I have tried to heal, to make myself a woman with a happy smile each day, but I can’t control myself in the night—lonely fears wake me up again and again. I don’t want to recall missing my mother, but the ache never dulls. And that is why I was afraid to dredge up these things that have cost me so many tears and why I was afraid to write about the women who abandoned their daughters. But it is also why I must tell their stories.
In December 2009, after I had finished editing this book, I returned to China and tried once more to confront my mother. I wanted to unburden myself of long-buried memories; I wanted to tell her what had happened to me, her daughter, during the Cultural Revolution. I wanted her to understand the nightmarish torments I went through, and which still haunt me. For her to know how much I missed her and still long for her, my mother. But I could not get a word out. I just sat silently in front of her, in floods of tears.
Over the years I have begun to understand how those adopted daughters long to understand their birth mothers and to tell them how much they love them. I decided that, no matter how painful it was, I would write down the stories I had stored up for so long. This book was to be an honest record of mothers’ lives, a gift of mother-daughter love that I, a daughter, could share with other daughters, a message from an unknown Chinese mother to her daughter, wherever she may be.
I started writing this book on February 2, 2008, in a little house by the sea on Blues Point Road, Sydney, Australia. Strangely, my labors were accompanied by a fortnight of the violent storms that a southern hemisphere summer sometimes brings.
February 7, 2008, was the Chinese New Year, or Spring Festival, and the Australian media reported on the tens of thousands of Chinese who joined in the cultural festivities. Among them were more than a hundred families who had adopted Chinese children. As I watched these girls dressed in Chinese costumes asking their Australian parents in English what the Spring Festival was, I had mixed feelings. Were these girls really China’s daughters?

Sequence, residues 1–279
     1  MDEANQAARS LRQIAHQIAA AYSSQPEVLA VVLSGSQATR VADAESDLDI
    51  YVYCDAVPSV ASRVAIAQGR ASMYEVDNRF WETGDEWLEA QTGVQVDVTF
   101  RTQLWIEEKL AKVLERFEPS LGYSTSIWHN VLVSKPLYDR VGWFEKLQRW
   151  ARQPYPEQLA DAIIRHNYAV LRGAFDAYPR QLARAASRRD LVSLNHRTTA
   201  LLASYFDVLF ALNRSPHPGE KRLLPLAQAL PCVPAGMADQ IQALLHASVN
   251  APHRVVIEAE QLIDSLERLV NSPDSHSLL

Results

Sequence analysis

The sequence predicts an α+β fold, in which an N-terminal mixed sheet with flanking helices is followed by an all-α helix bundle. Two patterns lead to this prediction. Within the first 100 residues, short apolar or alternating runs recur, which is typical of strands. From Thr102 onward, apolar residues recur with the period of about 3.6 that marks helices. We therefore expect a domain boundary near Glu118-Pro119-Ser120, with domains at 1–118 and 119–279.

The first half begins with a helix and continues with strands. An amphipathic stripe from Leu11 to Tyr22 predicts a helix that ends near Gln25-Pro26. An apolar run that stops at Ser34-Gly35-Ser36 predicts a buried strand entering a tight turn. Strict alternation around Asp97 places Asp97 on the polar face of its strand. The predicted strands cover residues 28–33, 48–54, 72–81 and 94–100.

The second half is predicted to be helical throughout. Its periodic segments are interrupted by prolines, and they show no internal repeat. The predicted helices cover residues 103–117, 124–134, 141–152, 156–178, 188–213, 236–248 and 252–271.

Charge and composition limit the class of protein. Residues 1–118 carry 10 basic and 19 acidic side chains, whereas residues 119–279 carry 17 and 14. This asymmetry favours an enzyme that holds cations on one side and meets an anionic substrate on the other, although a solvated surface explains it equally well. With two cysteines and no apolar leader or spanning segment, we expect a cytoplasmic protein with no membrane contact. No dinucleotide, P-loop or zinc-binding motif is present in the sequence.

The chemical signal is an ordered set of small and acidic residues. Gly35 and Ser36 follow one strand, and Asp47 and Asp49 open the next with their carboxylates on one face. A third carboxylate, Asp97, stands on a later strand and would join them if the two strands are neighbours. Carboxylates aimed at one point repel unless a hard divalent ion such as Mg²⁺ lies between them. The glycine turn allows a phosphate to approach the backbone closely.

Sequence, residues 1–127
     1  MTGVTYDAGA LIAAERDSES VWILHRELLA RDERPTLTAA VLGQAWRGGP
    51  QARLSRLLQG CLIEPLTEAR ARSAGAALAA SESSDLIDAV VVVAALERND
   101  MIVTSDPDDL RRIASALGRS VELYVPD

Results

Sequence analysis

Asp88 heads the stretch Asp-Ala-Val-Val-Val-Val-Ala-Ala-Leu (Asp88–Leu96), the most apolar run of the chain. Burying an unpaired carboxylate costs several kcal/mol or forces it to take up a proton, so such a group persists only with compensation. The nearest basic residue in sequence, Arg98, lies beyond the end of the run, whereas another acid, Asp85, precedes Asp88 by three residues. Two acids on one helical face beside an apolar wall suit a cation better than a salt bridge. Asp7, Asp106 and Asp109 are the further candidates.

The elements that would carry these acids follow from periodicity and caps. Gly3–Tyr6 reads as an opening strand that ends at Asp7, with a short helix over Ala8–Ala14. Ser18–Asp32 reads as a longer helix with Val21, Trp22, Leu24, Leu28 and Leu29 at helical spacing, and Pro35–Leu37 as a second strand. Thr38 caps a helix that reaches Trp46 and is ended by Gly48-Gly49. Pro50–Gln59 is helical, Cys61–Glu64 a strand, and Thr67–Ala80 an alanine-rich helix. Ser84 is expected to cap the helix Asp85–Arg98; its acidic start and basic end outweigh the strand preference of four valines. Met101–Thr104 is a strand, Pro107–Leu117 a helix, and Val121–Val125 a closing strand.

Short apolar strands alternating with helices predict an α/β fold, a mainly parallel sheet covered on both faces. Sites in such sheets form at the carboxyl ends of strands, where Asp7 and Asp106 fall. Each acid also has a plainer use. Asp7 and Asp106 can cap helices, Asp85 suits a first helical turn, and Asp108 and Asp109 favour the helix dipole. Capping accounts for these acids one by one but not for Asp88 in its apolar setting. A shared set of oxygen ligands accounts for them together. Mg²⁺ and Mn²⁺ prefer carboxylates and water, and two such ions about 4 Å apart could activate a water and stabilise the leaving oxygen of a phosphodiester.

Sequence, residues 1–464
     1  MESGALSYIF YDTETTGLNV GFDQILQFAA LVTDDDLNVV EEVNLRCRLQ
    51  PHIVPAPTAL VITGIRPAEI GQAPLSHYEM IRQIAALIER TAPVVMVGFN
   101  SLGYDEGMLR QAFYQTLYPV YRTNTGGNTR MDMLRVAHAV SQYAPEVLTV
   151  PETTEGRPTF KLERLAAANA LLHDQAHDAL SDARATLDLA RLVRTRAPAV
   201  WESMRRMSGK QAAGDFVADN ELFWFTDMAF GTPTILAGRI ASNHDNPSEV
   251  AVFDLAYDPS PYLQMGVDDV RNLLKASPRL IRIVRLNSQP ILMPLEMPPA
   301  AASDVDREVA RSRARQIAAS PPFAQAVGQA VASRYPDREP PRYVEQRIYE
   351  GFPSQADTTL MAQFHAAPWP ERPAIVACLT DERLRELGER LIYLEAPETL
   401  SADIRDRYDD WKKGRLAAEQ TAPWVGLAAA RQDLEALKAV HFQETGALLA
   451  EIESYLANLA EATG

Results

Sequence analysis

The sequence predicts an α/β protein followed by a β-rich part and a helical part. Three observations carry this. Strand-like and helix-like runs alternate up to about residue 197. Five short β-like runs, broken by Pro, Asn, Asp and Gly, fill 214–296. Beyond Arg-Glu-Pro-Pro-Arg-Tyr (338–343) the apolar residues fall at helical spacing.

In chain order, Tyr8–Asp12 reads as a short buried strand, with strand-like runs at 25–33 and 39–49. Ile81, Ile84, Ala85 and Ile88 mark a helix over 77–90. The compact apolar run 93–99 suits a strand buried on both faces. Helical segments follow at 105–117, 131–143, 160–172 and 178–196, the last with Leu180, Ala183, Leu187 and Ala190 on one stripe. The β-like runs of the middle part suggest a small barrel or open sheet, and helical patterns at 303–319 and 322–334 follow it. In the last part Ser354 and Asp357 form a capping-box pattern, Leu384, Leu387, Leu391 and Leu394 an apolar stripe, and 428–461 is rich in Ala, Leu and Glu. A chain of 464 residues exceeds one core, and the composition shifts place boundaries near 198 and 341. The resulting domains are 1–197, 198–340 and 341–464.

Yes, I think they were. As the ancients said: when oranges from the south were transplanted to the north, they were still oranges, even if they tasted a bit different. I believe that even though these girls have been brought up in a foreign land and a foreign culture, the blood of their Chinese mothers still runs in their veins.
But what do their birth mothers feel? Does the unknown Chinese mother feel joy or sorrow at knowing that her beloved daughter is now happy in another mother’s arms? I did not actually give birth to a daughter, nor am I the mother of an adopted daughter, but I weep every time I try to imagine how they feel. And once I lost a little girl who was like a daughter to me, so I know something of what they feel. There is an emptiness that can never be filled, there is an ache felt by the broken-hearted birth mother, by the adoptive family in the West, and by the daughter who will spend the rest of her life in a dual embrace—because the life she lives is a product of great joy but also of great sorrow.